NEW YORK Gov. Andrew Cuomo (D) claimed an ignoble distinction this month: He became the first governor of a state with large deposits of natural gas to ban “fracking,” or hydraulic fracturing, the controversial but highly productive drilling technique that has reshaped the energy business in the United States. Vocal activists in the Democratic base disagree, but fracking should be well-regulated and legal, not permanently off-limits.

Mr. Cuomo appeared before now to be following Maryland Gov. Martin O’Malley’s path. Both men run states that burn natural gas for electricity and that have gas deposits in economically depressed rural areas. But both have to deal with strong local environmentalist opposition, and both, many assume, have to worry about how their positions will play in a Democratic presidential primary. Both, therefore, ducked the question for years on the pretext that state agencies had to study fracking’s effects.

Mr. O’Malley ultimately decided last month to allow fracking . “The risks of Marcellus Shale development can be managed to an acceptable level,” an O’Malley administration report found. Mr. O’Malley’s over-aggressive regulatory plan, which was rolled out just before the arrival of a new, pro-drilling governor, might make fracking a practical impossibility for several years at least. But the state nevertheless articulated the principle that fracking is a regulatable industry, and it has begun the hard work of ensuring safety while reaping the benefits.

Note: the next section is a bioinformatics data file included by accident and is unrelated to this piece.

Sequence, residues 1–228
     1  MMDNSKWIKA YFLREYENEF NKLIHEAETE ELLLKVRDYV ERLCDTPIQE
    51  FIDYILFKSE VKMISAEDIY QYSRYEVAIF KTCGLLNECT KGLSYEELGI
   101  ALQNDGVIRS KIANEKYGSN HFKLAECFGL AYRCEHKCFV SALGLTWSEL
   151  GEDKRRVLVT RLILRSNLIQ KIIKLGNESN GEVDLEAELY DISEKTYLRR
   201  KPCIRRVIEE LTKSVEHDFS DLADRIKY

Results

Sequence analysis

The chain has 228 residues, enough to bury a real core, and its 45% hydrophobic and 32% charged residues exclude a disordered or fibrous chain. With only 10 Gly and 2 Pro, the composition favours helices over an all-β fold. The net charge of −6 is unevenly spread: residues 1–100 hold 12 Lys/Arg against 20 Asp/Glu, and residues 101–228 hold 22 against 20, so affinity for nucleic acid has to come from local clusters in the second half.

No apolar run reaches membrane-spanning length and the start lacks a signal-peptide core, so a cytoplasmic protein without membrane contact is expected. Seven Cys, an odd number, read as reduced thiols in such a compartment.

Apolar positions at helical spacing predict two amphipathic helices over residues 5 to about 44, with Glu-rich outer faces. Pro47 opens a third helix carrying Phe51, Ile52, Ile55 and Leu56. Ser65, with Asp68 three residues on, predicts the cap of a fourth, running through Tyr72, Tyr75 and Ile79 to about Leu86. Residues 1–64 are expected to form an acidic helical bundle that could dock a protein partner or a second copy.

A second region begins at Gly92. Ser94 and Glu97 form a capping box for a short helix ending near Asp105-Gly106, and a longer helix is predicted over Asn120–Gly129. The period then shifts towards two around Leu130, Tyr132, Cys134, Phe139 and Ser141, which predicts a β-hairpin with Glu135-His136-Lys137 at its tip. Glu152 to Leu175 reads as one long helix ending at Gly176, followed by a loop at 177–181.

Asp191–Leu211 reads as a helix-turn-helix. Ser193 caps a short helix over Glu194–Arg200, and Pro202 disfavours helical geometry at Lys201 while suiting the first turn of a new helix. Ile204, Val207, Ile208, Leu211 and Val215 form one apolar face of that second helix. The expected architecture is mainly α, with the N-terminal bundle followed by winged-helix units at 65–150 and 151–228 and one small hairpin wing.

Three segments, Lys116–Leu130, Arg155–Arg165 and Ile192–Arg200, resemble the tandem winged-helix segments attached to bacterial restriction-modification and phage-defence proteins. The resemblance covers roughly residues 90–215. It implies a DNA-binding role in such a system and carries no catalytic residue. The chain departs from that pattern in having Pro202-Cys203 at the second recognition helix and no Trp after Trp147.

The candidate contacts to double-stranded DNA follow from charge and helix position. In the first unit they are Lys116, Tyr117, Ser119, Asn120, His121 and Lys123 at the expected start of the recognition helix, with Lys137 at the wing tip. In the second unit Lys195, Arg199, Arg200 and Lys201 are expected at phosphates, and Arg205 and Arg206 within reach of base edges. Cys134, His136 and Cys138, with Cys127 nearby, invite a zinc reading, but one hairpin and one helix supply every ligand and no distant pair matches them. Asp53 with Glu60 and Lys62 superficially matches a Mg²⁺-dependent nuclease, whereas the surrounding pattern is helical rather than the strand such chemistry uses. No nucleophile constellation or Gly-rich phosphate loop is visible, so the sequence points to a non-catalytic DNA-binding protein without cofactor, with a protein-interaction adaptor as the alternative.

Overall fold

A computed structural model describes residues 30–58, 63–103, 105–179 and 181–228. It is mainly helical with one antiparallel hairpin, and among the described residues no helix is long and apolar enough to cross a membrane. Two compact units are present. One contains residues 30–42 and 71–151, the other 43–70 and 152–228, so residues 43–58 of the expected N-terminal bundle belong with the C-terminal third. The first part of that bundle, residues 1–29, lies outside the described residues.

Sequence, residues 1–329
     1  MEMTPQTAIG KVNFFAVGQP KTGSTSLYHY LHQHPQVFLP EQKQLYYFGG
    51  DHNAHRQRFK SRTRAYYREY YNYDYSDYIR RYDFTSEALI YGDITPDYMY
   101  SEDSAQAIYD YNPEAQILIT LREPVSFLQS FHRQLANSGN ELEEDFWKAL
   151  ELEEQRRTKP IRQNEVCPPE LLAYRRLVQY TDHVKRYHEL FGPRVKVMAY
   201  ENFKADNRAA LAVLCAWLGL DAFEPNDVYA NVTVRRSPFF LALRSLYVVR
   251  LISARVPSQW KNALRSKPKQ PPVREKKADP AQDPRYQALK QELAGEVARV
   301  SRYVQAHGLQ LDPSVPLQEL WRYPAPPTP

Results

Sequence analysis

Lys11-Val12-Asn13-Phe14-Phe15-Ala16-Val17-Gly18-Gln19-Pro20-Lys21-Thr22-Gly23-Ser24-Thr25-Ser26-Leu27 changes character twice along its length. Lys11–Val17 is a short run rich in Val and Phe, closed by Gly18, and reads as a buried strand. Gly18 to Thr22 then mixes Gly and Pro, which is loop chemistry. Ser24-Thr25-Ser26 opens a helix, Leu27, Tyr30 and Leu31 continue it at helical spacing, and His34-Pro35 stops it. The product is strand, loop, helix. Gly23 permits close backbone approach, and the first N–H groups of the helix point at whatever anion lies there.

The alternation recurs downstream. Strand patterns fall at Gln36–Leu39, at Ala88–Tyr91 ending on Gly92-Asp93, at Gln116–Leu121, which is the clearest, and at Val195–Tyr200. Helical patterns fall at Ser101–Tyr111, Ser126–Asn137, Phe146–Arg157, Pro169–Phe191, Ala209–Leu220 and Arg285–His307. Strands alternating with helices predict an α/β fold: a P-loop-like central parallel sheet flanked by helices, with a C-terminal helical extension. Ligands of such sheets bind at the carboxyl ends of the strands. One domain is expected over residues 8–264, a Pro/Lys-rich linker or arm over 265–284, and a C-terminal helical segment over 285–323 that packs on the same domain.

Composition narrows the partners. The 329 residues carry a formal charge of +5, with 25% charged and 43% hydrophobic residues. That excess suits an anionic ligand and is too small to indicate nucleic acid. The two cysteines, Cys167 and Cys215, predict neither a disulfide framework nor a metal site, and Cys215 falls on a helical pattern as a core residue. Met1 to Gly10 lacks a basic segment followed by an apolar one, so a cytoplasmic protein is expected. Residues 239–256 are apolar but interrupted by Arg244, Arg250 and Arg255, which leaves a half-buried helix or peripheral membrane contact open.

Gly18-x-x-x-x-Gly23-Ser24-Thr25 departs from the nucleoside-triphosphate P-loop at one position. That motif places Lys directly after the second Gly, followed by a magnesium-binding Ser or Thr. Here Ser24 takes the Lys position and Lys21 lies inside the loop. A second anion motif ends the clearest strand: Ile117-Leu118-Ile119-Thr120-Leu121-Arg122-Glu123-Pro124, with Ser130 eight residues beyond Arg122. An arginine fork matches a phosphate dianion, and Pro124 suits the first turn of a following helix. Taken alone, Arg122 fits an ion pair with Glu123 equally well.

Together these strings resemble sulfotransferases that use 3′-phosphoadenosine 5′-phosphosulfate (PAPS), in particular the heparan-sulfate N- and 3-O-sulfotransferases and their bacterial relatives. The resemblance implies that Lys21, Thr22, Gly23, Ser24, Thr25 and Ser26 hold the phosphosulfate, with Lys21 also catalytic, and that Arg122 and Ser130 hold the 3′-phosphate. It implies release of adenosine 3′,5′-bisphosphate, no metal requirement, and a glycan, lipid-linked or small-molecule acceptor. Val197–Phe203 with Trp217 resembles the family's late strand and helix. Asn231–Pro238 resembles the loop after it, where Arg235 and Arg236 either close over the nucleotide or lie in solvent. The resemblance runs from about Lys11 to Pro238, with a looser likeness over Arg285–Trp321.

New York’s leaders disagreed — sort of. State regulators admit they have no proof that fracking has been responsible for many of the harms that motivated them to ban the practice. Fracking done badly is the real concern. Strong rules can and should limit the risks. New York’s outright ban is justified only by extreme caution.

Meanwhile, natural gas produces far more of New York’s electricity than any other source. The gas that runs the state comes from domestic drilling sites, including from fracked wells in next-door Pennsylvania. In other words, whether New Yorkers want it to be so or not, the state is implicated in the fracking business. The benefits of burning the fuel are just too attractive. Tapping massive U.S. natural gas supplies has pushed down prices. Cheap natural gas lowers energy bills. And, compared with the range of serious health and environmental harms that come from burning coal, natural gas’s most immediate substitute, a sensible environmentalist would choose fracked gas any day.

The country can’t burn natural gas indefinitely. It is still a fossil fuel that impacts global carbon dioxide levels. But it can be an important part of a transition to more sustainable fuels.

Fracking’s risks concern water and air contamination. States should control where and how wastewater is disposed of, require robust wells that are resistant to blowouts, demand that drillers prevent methane and volatile organic compounds from escaping into the air and regulate leaks from storage facilities and well sites. States such as Colorado have developed rules with sensitivity both to industry and to environmental concerns. The Obama administration is developing its own, national fracking rules, too. That’s the model to follow — not New York’s.